To serve both its customers and its employees, Microsoft puts a great deal of effort into fostering a culture and environment that inspires collaboration – whether that’s in its Reston, VA office outside Washington, D.C., or its sprawling campus in Redmond, WA outside Seattle. The team-oriented atmosphere and the physical office spaces are geared toward producing work that both employees and customers are proud of.
From coast to coast and around the world, Microsoft is about collaboration
Microsoft knows that the best way to reach innovative solutions is by working together, sharing ideas, and learning from the expertise and perspectives of others. Laura, a Senior Consultant working with government clients in D.C., says this one of the most attractive aspects of the job.
“Microsoft culture is all about collaboration, and that’s really exciting, because you can work with a group of really smart people to achieve and work towards solving really hard things.”
A three-hour time difference and different work environments might be seen as roadblocks, but Microsoft employees find their shared work culture and passion for the customer helps make coast-to-coast collaboration possible.
“Being on staff at Microsoft on the east coast, we work closely with the team out in Redmond, Washington,” says Brett, a Site Reliability Engineer in Reston. This close collaboration means that when it’s 5 pm on the East Coast, work doesn’t stop – Microsoft offices in Redmond and worldwide keep working to provide solutions. This allows Microsoft to be problem-solving on behalf of its clients 24 hours a day.
How does Microsoft culture benefit its government clients?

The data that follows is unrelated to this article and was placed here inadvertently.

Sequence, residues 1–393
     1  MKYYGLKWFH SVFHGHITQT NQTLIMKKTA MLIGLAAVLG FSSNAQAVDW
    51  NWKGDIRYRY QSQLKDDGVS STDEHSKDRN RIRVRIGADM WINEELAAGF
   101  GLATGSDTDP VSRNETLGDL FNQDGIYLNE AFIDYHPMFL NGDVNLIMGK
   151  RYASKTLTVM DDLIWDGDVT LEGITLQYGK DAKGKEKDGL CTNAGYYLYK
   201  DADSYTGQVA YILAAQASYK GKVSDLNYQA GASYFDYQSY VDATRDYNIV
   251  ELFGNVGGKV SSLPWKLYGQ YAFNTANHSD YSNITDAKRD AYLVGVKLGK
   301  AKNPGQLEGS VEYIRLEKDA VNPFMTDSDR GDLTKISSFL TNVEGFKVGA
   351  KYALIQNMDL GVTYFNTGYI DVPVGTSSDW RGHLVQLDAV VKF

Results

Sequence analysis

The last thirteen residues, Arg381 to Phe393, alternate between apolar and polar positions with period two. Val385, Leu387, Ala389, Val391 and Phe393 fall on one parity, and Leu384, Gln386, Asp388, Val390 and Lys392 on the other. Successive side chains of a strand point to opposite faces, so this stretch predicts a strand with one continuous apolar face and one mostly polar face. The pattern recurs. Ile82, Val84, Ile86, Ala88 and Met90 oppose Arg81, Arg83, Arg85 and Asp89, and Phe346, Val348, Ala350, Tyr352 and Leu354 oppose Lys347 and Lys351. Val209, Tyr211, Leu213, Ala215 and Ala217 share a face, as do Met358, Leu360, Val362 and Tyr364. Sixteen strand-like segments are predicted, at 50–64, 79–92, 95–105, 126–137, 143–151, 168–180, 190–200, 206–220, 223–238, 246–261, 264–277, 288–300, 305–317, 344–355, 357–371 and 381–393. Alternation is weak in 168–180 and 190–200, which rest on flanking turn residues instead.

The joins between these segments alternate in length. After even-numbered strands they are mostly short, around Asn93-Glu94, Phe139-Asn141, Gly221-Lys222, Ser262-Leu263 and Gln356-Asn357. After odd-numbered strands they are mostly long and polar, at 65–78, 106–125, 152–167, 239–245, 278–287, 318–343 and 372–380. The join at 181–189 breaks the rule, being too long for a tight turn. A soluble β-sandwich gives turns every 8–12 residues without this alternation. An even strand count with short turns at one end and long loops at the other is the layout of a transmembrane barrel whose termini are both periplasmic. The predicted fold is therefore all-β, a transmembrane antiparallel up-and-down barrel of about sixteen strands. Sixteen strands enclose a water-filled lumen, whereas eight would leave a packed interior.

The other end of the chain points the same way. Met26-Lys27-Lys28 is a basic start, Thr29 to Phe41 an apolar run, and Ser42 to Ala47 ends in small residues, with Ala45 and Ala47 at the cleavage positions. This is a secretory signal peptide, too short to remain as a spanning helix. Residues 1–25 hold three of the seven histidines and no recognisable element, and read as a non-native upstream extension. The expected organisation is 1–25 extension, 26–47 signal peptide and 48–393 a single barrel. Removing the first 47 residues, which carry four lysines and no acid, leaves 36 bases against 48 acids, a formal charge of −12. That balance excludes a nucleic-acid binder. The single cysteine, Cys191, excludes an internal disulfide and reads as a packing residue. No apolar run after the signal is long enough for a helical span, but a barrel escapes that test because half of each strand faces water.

This collaborative mindset is not only between Microsoft teammates, but between Microsoft and its customers. As Jamal, a Senior Consultant, explains, “The best thing about working in Reston, and particularly in the D.C. area, is that we have the opportunity to sit co-located on the premises with our customers. So we have hands on the keyboard together. We’re solving problems, we’re sharing information, and that brings a lot of impact to our customer’s mission.”
Laura has seen how this desire to problem-solve and serve government customers is a common thread across her team. “Some of the skills and characteristics that I see across Microsoft employees are the ability to get the job done, but also to be empathetic to the customer,” says Laura. “They really just want to go the extra mile and find out what is the issue at hand or how to improve their business operations.”
What’s the best part about life in Redmond and Reston?
With a strong presence both in the D.C. and Seattle areas, Microsoft employees have plenty to enjoy about their respective offices – both personally and professionally.
“One of the best things about living and working in the Washington, D.C. area is, from an IT perspective, there are so many government contracting companies and big tech companies in the area. And the social aspect of it, there’s so much to do, as well, when you have everything within a short distance,” says Brett.
Working in Redmond has its own benefits. Apart from the massive Microsoft campus equipped with museums, eateries, free Microsoft transportation, and a company treehouse (yes, you heard that right), there’s everything to enjoy about life in the Seattle area.
“The best thing about living and working in Redmond to me is the outdoors, so I can get out there and go hiking in the summer and skiing in the winter,” said Claire, a Senior Program Manager.
For other employees, the benefits of their environment are less concrete – but just as rewarding.
“I think the best thing about working in this area is there’s just a lot of creative talent. If you think about how just humanity grows in general, the advancements that you make in technology come from having people in closer proximity able to communicate better,” says Adam, a Service Engineer in Redmond.
“Actually being in these cities and being next to some of the greatest minds and working with people from Microsoft that architect things like Azure – you’re not going to find that anywhere else.”
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